EUREKA, Alaska - It was a moment of warmth in a chilly, unyielding land.
Twelve dozen Alaskan huskies yelped, growled, yipped and howled from their hutches on thawing muskeg and stretched wet paws toward Susan Butcher.
Butcher returned the adoration. She chanted.
``Bugga, bugga, buggabeen . . . the fastest dog there's ever been.'' Her song was for Sluggo, a honey beige husky with a sore paw. It was raw from ice balls that formed between his toes in March when he was leading Butcher's team to victory in an 11-day streak of masochism known as the Iditarod Sled Dog Race. It was Sluggo's first win. It was Susan Butcher's fourth.
``Dugadee. Dugadoo. Dugadog.'' That call was for Granite. He has won three Iditarods and, says Butcher, is the finest sled dog of this decade. If Granite were a horse he'd be Secretariat.
Then this child-woman crouched deep among her dogs and the Spring-softened snow and wrapped arms around Elan's shaggy neck; flopped on her belly on a plywood doghouse to say boo to Tolstoy; and wrinkled her nose against the wet black plug of Heifer's nose.
And Susan Butcher - emotionally stale from airlines and motels and real clothes, mentally exhausted by 10 days of victory greetings, public speaking and a meeting with President Bush - finally was home.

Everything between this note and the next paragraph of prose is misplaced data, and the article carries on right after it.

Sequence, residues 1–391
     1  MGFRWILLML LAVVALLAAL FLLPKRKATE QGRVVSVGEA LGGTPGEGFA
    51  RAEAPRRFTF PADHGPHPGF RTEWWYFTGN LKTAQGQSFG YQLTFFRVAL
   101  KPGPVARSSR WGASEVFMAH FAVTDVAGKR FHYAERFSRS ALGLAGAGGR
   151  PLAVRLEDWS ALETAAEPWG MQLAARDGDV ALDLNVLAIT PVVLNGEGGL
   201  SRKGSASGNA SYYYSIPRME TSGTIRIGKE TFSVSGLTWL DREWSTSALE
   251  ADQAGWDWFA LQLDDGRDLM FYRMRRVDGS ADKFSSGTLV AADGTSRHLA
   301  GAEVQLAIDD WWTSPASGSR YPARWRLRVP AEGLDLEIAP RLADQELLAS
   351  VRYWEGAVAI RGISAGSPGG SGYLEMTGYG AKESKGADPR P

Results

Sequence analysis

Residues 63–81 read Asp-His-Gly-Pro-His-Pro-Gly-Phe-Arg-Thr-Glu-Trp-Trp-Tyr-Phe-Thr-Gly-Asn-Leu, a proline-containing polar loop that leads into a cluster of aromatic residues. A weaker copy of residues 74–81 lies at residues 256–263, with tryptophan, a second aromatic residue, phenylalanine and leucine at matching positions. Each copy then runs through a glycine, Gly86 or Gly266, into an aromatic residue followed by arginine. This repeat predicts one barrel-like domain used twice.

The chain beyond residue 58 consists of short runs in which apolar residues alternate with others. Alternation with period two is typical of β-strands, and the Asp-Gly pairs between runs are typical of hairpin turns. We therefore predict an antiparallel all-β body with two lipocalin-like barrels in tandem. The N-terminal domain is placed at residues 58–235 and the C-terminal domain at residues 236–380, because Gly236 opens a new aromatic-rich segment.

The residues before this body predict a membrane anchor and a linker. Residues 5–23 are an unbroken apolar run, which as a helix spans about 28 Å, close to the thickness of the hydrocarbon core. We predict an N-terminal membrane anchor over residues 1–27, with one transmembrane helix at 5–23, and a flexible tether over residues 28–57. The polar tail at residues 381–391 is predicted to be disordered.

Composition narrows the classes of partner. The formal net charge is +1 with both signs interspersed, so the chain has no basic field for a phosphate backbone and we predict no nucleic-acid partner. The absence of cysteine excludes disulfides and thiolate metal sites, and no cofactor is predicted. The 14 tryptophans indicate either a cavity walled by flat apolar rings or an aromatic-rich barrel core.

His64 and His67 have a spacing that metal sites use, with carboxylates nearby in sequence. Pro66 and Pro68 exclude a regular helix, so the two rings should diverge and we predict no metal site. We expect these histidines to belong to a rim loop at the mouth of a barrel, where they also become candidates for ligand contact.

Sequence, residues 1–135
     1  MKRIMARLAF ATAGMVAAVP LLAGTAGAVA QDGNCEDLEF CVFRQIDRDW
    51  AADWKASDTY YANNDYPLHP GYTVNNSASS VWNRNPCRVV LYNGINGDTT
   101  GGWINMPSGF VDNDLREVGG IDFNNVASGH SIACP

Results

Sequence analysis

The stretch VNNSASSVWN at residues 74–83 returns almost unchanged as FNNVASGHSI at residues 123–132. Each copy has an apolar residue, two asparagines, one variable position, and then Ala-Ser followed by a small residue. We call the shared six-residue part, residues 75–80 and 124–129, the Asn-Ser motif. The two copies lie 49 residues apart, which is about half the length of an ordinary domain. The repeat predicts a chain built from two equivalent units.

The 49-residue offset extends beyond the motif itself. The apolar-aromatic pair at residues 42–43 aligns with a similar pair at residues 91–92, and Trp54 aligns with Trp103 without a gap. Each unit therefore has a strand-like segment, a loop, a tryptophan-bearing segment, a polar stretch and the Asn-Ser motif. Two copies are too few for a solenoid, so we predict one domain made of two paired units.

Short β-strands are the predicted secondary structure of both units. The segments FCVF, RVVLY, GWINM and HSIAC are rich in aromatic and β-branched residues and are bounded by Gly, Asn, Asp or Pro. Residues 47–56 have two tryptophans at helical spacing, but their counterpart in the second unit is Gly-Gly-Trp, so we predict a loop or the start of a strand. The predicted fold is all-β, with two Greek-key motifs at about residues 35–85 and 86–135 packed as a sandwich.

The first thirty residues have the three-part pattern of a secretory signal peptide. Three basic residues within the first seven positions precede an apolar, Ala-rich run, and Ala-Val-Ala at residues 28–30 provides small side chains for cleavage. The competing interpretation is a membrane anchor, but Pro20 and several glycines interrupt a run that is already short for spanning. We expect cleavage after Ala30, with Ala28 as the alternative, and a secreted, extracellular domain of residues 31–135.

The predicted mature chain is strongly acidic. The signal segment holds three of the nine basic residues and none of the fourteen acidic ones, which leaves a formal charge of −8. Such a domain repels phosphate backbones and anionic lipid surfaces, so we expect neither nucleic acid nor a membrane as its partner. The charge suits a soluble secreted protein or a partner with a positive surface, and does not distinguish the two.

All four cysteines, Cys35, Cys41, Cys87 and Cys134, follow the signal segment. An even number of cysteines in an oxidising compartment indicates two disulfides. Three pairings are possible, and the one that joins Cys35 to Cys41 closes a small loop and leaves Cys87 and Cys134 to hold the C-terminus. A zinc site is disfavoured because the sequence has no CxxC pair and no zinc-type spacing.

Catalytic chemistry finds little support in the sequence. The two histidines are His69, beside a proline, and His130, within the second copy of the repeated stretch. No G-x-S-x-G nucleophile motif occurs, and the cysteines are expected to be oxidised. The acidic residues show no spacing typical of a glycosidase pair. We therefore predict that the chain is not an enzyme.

Home. That's Trail Breaker Kennel, five acres of bush surrounding an 80-year-old log cabin that once belonged to a Gold Rush blacksmith. It is most of Eureka (elev. 270, pop. 6). Just a scatter of mining shacks among stands of silver birch at the end of 140 miles of dirt road not far beneath the Arctic Circle.
Hers is life without television, running water, flush toilets or a bathtub. There's a single telephone hooked by satellite to a Seattle area code, but that's for husband Dave Monson to use because Butcher regards a ringing phone as the ultimate intrusion and refuses to answer it. A run to the grocery store is a four-hour rattle by truck to Fairbanks.
Only in isolation approaching privation, Butcher says, can she maintain an uninterrupted focus on breeding and training sled dogs. Only away from the noise, stink and structures of man can she intensify a unique personal bonding with her dogs. Only from here can she concentrate on winning next year's Iditarod.